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      1. It’s a hardware tool to hammer nails into wood when the head needs to be recessed. Or, I guess when you don’t want the impression of the hammer all over the wood if you have bad aim like I do. Google “”nail setter” or “nail set tool.”

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  6. This is so funny! I already have ALL of those things for Crazy Quilting, except the balls. I used to buy kits that were just the balls and pins and beads and make ornaments, about …47 years ago? Everything comes around again if you live long enough. =) Happy retirement, by the way!

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  7. I got started and cant stop either. I am on my tenth one. I buy any fabric with circular patterns on it that are pretty. I find fabric at Hobby Lobby, Joanns, Wal-Mart, and other fabric stores.

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  8. Hello,

    I’m looking for artists, trained or untrained, who use art as a way of coping with illness or suffering, including depression, sadness, grief, PTSD, schizophrenia, Bipolar Disorder, diabetes, addiction, abuse, discrimination, cancer, etc. for a book, Art as Medicine.

    The artwork must be an expression of the artist’s reaction to his/her situation. The images don’t have to be a literal depiction (although they could be); I’m interested to see imagery that reflects the artist’s feelings and ideas. Importantly, the artist may remain anonymous in the book though I will need a brief life history, personal statement, and discussion of the artwork. Most visual modalities will be considered including painting, sculpture, and textile/fiber art.

    If you’re interested in submitting your work for evaluation, or know someone who might be, please send photos in the body of an email as well as a brief statement about what the work is about. Later, I will send a questionnaire for more information about you.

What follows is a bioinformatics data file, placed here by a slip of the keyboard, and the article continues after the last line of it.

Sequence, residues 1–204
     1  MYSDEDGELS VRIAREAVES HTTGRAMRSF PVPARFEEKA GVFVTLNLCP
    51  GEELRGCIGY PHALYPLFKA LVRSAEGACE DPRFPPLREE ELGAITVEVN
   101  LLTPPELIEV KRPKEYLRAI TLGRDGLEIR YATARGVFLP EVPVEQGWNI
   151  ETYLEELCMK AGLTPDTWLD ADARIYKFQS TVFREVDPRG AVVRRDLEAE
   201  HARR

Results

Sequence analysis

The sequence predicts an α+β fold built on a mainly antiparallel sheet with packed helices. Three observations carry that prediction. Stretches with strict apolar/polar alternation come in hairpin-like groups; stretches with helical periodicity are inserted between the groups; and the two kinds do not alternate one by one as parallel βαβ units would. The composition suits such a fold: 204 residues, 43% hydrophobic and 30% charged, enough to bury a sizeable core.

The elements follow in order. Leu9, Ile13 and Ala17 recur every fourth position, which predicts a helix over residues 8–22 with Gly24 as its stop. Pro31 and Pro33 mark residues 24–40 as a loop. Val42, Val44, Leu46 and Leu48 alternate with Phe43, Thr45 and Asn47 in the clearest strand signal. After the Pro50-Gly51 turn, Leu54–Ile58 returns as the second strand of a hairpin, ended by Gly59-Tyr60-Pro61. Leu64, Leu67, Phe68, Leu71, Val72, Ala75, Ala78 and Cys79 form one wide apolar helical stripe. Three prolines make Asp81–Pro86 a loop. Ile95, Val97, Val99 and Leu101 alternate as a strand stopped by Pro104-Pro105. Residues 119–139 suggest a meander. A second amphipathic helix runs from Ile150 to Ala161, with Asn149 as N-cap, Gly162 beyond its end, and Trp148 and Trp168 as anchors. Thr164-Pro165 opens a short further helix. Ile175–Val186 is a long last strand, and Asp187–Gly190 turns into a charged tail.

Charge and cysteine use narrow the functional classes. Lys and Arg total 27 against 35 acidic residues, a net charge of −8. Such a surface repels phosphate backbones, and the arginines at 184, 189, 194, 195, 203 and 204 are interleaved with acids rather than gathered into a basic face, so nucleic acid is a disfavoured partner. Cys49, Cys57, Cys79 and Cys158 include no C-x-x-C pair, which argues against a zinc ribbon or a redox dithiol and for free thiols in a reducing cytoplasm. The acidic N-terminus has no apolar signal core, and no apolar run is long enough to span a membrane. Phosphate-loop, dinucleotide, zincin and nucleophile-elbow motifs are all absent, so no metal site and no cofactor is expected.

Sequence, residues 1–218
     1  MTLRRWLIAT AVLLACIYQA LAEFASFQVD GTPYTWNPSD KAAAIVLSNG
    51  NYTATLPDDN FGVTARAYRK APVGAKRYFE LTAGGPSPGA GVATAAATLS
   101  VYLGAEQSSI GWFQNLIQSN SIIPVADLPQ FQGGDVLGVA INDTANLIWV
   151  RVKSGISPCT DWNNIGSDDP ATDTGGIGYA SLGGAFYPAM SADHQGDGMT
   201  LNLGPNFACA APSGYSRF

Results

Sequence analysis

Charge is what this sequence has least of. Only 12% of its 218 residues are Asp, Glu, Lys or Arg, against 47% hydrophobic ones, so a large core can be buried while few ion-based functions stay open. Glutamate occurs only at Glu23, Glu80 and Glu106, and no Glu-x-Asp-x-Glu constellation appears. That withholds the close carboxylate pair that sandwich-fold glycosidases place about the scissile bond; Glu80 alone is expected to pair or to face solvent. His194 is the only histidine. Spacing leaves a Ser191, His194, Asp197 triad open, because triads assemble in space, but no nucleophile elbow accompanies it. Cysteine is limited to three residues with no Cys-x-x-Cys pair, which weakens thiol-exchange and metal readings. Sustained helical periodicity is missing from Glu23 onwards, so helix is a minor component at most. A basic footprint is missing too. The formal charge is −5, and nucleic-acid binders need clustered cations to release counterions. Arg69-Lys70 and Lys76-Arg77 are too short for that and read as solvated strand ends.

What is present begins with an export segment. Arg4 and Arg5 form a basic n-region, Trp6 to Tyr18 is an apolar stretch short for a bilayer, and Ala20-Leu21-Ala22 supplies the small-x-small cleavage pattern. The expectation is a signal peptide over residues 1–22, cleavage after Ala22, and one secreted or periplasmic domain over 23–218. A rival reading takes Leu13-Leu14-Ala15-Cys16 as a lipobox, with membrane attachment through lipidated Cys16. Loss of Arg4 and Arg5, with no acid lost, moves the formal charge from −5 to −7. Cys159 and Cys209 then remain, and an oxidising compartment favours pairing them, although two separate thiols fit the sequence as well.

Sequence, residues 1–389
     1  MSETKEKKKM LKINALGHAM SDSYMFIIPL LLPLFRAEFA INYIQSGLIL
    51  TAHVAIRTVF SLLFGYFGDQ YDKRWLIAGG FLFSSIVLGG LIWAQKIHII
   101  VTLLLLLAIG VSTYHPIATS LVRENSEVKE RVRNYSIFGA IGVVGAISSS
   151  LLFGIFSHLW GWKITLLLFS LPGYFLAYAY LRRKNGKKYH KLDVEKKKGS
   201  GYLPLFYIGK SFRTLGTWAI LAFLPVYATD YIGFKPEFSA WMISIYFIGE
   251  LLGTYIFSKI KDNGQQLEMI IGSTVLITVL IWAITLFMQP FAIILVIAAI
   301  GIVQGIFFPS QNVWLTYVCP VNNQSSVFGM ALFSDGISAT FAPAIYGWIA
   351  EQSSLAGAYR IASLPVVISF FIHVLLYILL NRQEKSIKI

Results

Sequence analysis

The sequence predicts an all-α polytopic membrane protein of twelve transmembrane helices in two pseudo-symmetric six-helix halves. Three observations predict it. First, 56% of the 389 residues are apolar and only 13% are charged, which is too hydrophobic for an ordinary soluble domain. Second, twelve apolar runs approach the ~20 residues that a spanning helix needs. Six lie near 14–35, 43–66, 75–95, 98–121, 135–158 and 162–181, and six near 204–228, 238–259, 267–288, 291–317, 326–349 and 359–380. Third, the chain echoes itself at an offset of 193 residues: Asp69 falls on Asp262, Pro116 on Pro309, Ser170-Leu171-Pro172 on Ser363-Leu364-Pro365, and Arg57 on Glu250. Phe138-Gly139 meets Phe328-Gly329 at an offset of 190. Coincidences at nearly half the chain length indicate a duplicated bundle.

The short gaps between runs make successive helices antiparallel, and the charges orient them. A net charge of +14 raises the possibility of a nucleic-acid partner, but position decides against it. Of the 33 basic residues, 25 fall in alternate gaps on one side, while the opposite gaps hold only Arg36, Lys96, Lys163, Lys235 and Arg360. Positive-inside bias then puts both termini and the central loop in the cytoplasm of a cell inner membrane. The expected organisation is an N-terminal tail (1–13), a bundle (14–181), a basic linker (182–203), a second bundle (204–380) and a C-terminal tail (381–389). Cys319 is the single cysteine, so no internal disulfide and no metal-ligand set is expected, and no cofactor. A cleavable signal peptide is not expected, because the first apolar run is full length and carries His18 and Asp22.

I was a psychotherapist for 25 years before turning to art and writing ten years ago. I worked primarily at the University of Massachusetts Memorial Hospital psychiatric outpatient service as well as in my own private practice. I specialized in individual psychodynamic therapy and couple’s therapy. Currently I am a fiber artist focusing on 3D fabric sculpture and will soon be profiled in Fiber Art Now Magazine. My new book, Dimensional Cloth: Sculpture by Contemporary Textile Artists (Schiffer) will be released in June 2018.

    If you would like additional information about me or my book project, please let me know.

    I look forward to hearing from you!

    Thank you very much.
    Andra Stanton MSW
    andystanton@comcast.net
    http://www.andrastanton.com

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  9. I want you to know you’ve created a monster! Ive made 18 6- inch balls and 18 4 inch balls for Christmas gifts this year. They were all big hits! Now I’m going to try Easter eggs! These are a blast and I’m so happy you shared your discovery with us!

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  10. Thanks for elaborating on pins and beads and your tips for storage. Love your idea about the laptop tray.
    I’m having trouble with the original instructions. They don’t say which size mandalas to cut out for a 6” ball and I don’t understand about covering the seam at the “equator”. I assume the fabric overlays the ball at east and west sides? It seems like I’ll be covering a lot of the north and south fabric. Just confused.

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    1. Click on the link to Paula‘s Blog for instructions on how to put the fabric on the balls. You’ll see that she covers the top and bottom (north and south poles) and then covers where they meet around the middle (equator) with sequins and pins.